Friday, July 11, 2014

Vampires? Again?


An editor once told me one of things they worried about at every writing conference was underestimating the abilities of someone who really didn't look like their notion of a writer. Someone with a bad perm, wearing old sneakers, stained polyester pants and an old T-shirt. This happened to her once. And she never forgot it.

Because the lady turned out to be one of the most successful romance writers ever. By dissing her the editor lost a lot of credibility with her publishers.

That comment has stayed with me because writer's conference are by nature--well, exhausting. They just are. I can just imagine an editor spending an entire afternoon listening to pitches and having someone show up announcing they have written a book about vampires. Does that sound promising? Probably not. It's been done for goodness sake.



I just read a fascinating novel, The Quick, that is another unique book involving vampires. One of my favorite books was The Historian by Elizabeth Kostova. Our own Type M'er, Mario Acevedo, has a vampire series. A student of mine at Fort Hays, Morgan Chalfant, wrote a vampire western, Youngbloods. Steven King's Salem's Lot  isn't at all like Anne Rice's The Vampire Chronicles.

So what is it about vampires that inspires writers to come up with books so different from one another? What is there in the human psyche that connects to such a bizarre creature. I'm not only speaking of writers, but the readers who devour them. No pun intended. I really am not enthusiastic about vampire books, nor am I inclined to believe a word. And yet, and yet. When I first read Salem's Lot wore a crucifix around my neck for days. I wore it when I slept too.

The Historian is a terrific book. That's when I began to doubt my disbelief.

I searched for vampires in Amazon before I started this post. Some of the covers were a little too interesting. You want blood? There's blood aplenty. There were over 100 pages of Vampire titles. That has to be a category record.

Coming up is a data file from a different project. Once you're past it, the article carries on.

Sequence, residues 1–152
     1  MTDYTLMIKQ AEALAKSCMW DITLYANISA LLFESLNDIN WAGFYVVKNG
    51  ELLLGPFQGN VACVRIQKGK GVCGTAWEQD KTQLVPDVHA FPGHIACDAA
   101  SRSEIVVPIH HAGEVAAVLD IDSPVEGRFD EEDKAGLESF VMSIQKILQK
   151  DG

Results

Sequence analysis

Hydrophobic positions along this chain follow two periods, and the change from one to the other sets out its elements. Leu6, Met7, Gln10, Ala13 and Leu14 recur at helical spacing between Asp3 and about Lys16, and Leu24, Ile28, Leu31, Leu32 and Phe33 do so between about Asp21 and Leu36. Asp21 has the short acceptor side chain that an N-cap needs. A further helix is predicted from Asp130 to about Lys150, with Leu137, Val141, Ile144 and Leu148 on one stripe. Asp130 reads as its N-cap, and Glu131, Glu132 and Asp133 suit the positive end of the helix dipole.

If you are starting out in this business, don't ever let someone tell you that your book won't be published because another writer has already written a book on the same subject.

6 comments:

Eileen Goudge said...

Great post, Charlotte! And so true. Judge a book by the cover but not the author by his or her appearance. I learned this when I was married to my agent. I saw all kinds. Young, old, fat, thin, bad hair, bad teeth. None of it matters if you have talent. As for SALEM'S LOT, I couldn't take the trash out after dark for weeks after reading it!

Charlotte Hinger said...

Eileen, Salem's Lot scared me, but The Historian went way beyond that. It was too too real

Donis Casey said...

I've often wondered what the deal is with the popularity of vampires--and zombies. Something that speaks to deep, inbred fears that we all have? the monster within? The monster without?

Eileen Goudge said...

One to read on summer vacation when the sun is shining. I'll check it out!

Charlotte Hinger said...

I cannot tolerate Zombies. I just can't. Everyone in my family watches Walking Dead, but I refuse.

As to the Historian--it's one of the novel I plan to reread.I couldn't even tell it the notes were real. She begins by saying "The story that follows is one that I never intended to commit to paper."

Eileen Goudge said...

I remembered belatedly I had read THE HISTORIAN, years ago. Very scary, I agree. I picked up a copy at a library sale. It was slightly water-damaged, which only lent to the spookiness.